Do you work in a fast-paced environment where there are massive crowds and loud noises all the time? If you’re working at an amusement park, an airport, or even in a fast-paced fast-food restaurant, you may need to seek employment that will not lead to your relapse. This doesn’t mean that working in these environments is guaranteed to cause relapse, just that these types of environments have been known to cause psychological distress that could hinder your recovery if loud noises, fast-pace, and crowds make you anxious.
We are all different and these types of problems in the work environment may not be a major problem for everyone in recovery. Only you will know for sure how this kind of environment is impacting your stress levels and your recovery. Just remember, cities with higher crowds tend to also have higher rates of mental illness!
Pollution may be making it difficult for you to reach your sobriety goals. In fact, a recent study shows that pollution is the cause of increased rates of mental illness and that toxins can lead to erratic behaviors. In fact, some say that toxins in the air are responsible for aggressive behaviors or a limited ability to self-regulate. Self-regulation is a common and VITAL core competency in recovery--an inability to self-regulate could lead to relapse.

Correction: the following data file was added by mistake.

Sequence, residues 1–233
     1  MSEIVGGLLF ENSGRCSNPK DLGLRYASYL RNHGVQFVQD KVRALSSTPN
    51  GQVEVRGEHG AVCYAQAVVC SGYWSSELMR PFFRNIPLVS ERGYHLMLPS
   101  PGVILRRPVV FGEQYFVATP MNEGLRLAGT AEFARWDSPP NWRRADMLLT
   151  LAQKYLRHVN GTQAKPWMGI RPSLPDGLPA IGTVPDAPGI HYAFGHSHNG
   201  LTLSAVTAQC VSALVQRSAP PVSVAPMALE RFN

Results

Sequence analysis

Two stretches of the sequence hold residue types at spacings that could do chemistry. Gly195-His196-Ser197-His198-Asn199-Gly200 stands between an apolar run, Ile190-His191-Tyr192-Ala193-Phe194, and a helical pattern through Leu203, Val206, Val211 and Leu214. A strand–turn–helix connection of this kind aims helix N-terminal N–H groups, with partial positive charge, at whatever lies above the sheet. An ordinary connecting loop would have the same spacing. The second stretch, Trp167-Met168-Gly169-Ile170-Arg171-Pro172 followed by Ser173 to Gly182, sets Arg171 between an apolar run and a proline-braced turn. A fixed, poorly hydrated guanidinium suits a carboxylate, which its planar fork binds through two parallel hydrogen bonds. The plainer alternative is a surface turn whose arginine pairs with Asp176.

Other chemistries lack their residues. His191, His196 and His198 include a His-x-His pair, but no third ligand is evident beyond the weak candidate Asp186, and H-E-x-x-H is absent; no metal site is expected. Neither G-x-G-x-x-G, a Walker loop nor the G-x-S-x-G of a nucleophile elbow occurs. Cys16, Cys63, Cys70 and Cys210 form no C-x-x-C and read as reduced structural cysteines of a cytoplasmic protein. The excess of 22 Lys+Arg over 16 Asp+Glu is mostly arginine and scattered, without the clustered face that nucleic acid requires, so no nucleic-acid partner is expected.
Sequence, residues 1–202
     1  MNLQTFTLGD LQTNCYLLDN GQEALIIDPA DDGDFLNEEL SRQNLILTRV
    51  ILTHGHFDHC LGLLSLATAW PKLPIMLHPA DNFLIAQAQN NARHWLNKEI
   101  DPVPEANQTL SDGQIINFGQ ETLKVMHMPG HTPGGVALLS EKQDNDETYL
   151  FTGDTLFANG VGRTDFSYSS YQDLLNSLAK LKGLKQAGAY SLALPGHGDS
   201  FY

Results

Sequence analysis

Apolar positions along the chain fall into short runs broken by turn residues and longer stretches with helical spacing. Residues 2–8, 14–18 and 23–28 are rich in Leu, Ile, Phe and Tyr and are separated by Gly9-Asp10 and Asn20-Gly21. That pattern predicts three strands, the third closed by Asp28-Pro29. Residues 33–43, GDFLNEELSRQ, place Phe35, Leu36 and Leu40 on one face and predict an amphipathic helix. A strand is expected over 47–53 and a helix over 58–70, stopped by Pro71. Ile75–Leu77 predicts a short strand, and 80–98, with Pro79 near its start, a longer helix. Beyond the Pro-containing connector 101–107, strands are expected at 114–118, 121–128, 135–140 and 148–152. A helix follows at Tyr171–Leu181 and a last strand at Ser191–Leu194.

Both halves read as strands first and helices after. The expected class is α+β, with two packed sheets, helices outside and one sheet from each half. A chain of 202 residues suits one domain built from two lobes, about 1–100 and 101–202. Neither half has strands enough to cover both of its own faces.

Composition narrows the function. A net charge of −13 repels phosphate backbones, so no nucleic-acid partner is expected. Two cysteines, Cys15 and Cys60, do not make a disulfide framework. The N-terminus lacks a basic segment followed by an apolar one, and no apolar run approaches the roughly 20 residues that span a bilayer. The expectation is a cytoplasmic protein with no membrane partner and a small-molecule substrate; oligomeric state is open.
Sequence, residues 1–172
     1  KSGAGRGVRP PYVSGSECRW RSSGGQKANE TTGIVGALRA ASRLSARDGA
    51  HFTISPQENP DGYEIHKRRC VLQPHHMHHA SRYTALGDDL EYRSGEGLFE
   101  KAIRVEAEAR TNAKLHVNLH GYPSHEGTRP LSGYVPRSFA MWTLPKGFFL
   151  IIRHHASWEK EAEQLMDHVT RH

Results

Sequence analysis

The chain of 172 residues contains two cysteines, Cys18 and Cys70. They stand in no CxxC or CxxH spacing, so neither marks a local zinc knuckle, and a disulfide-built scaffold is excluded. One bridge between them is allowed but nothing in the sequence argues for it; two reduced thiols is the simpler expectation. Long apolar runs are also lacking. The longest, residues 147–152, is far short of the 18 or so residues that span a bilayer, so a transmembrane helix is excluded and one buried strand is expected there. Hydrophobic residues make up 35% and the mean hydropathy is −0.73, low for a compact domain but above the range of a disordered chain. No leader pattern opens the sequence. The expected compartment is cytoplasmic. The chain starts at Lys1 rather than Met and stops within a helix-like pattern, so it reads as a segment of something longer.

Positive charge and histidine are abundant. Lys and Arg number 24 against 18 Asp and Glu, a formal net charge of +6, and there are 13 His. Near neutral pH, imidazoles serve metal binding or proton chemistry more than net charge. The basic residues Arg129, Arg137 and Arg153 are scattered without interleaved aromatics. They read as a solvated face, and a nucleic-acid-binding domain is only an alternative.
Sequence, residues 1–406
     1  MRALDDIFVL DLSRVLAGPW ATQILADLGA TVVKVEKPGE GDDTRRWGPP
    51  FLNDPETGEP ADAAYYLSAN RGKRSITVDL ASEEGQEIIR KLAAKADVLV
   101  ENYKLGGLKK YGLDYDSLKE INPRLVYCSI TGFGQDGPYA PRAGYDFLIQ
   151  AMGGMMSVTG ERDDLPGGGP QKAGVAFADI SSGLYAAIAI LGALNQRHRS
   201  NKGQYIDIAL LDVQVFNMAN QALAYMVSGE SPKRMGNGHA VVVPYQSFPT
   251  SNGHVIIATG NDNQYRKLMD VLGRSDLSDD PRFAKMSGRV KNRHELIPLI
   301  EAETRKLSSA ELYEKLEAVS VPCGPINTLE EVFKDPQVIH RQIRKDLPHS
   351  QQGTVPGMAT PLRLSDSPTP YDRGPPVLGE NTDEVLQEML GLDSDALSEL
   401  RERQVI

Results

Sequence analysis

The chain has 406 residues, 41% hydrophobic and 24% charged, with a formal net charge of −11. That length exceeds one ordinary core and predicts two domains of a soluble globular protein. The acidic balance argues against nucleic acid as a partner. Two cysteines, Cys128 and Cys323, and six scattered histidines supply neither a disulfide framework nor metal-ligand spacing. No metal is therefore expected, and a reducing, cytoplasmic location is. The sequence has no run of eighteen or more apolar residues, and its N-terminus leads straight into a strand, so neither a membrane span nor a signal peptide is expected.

If you live near the beach or you are in a city with many parks available to visit, you are likely at an environmental advantage in recovery. Studies have proven that those who live near the beach tend to have a more laid back attitude and feel more relaxed. (Beach vibes are for real!)
Likewise, a lake, ocean or canal nearby your home can also produce similar environmental calming effects that are conducive to relaxation and therefore also conducive to recovery. Generally, people are less anxious and less depressed when they live in an area that includes ample opportunity to actively participate in outdoor experiences and to enjoy nature.
Workplace or Home Lighting Quality
Do you work in an environment that is dimly lit? Is your home lacking natural light? If you spend more of your time indoors, and you are not receiving adequate sunlight, you may be feeling SAD. In fact, seasonal-affective disorder or (SAD) is common in northern states during the winter when sunlight is minimized. However, working or living in an environment that has low lighting can also emit similar feelings of sadness and depression.